Russia's police have come under increased scrutiny since April, when Denis Yevsyukov, a Moscow police officer, killed three people and wounded six more in a shooting rampage at a supermarket. President Dmitry Medvedev fired Moscow's police chief several days after the shooting.

In October, Buryatia's Interior Minister Viktor Syusyura and his deputy were arrested in connection with an alleged jewelry contraband racket. 

Also in October, Medvedev sacked the chief of the Tuva region’s police force, Viktor Lesnik, after a local policeman killed a fellow officer and then shot himself.

And on January 20, Konstantin Popov, a journalist in Tomsk, died from wounds suffered from alleged beatings while in police custody. One police officer has been arrested in connection with Popov's death.

RFE/RL correspondent Brian Whitmore contributed to this story
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by: Jake from: Wisconsin
January 23, 2010 01:30
Brave man, and Russia needs many more like him, but this is hardly a surprising turn of events, sadly.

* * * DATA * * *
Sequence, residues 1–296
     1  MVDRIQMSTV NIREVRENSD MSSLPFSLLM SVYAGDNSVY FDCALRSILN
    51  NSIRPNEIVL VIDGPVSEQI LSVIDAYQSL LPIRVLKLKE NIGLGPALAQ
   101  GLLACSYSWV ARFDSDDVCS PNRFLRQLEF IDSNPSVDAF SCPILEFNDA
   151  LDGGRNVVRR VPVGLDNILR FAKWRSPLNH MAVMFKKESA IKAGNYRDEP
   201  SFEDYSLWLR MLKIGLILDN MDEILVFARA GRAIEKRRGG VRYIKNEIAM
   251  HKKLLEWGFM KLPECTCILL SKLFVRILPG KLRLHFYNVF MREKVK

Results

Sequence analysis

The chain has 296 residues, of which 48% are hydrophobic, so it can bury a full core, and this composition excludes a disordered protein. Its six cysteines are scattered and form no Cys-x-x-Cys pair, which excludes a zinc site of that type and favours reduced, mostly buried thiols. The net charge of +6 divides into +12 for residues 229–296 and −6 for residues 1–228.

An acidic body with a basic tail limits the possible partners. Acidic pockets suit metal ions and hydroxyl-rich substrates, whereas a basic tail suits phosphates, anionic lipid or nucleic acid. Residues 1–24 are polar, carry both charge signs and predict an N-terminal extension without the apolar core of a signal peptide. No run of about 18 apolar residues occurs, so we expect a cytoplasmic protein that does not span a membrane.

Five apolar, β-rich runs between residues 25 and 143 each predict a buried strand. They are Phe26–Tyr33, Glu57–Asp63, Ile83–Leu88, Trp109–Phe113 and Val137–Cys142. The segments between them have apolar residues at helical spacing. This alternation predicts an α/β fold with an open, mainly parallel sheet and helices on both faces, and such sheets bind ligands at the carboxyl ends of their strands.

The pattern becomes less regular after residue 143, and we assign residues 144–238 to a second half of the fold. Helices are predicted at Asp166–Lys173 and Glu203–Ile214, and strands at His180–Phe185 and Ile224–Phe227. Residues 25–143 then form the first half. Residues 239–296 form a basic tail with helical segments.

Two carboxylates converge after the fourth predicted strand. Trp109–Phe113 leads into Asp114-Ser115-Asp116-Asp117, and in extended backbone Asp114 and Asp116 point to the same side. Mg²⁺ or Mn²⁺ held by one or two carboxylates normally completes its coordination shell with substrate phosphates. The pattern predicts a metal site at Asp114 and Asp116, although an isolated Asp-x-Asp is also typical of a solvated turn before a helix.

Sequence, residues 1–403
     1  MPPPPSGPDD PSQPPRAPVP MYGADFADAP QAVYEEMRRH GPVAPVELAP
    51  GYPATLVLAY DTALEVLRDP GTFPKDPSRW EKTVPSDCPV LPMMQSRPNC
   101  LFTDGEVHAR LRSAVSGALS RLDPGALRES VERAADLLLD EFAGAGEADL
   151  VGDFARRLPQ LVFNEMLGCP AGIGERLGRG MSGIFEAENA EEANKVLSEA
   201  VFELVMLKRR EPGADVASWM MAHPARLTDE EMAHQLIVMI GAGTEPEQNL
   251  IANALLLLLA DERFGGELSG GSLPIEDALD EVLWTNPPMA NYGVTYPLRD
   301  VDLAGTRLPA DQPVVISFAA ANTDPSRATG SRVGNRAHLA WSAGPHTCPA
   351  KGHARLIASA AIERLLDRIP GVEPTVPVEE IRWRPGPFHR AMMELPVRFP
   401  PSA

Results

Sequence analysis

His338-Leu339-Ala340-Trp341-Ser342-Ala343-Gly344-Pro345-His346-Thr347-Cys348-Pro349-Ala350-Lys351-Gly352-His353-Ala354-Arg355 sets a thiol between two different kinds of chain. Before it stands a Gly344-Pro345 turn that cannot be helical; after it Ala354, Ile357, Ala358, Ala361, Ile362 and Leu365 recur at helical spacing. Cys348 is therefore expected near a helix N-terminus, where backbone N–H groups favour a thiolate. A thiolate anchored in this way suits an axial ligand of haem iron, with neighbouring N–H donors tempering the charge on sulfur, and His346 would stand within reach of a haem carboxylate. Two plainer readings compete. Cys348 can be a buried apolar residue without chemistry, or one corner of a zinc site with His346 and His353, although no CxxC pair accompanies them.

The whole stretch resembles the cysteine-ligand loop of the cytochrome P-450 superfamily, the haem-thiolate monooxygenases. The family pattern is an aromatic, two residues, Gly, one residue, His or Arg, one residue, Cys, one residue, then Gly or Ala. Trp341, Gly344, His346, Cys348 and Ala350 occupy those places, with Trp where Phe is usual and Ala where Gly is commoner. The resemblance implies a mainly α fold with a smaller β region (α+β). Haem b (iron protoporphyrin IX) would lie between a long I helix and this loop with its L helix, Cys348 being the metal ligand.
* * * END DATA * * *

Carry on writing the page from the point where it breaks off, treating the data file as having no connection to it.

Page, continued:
Apologies for being barely relevant to the Dymovsky mess, but I've always wondered how Russians perceive American television's permanent obsession with police dramas. I know they idolize Chekists, but the mere thought of identifying with ordinary police or seeing them as anything less than menacing or incompetent must be utterly alien to the average Russian.

by: nancy from: USA
January 23, 2010 04:00
This is the stuff of horror movies!!! Funny thing... tell people tidbits of info of what goes on in Russia, and they think you're making it up or that it's just not a big deal or who cares/doesn't affect us. But the fact remains that it is just a drop in the bucket as to the extent of typical hideous dysfunction of law enforcement/judicial system in Russia and the way the Russian system really works. (and worked in the past.). Russia is revealed for what it really is and was and that is equally as scary.

by: Blinutne from: Sevierville, TN, USA
January 24, 2010 04:51
Does the Russian government expect its people to be blinded either by myopic nationalism or federally imposed ignorance? Anyone who pays attention knows that government critics routinely find themselves dead or imprisoned (perhaps a worse fate). Why? Do they assume we will believe all these people are truely criminals? Do they think we will believe they merely fell victim to unfortunate circumstance--other than that of their geography? We are not that stupid.

by: MSCD from: Scotland
January 25, 2010 00:26
No government/ political system likes to be critisized, Russian, British, Yank, Israel or Iran. For every free thinker that dares to complaint about the George Orwellian 1984 system which they choose to run our lives with is a target for the Imperialist jobs worth............one day they will over step the mark and the free thinkers will win, but when & how is the question.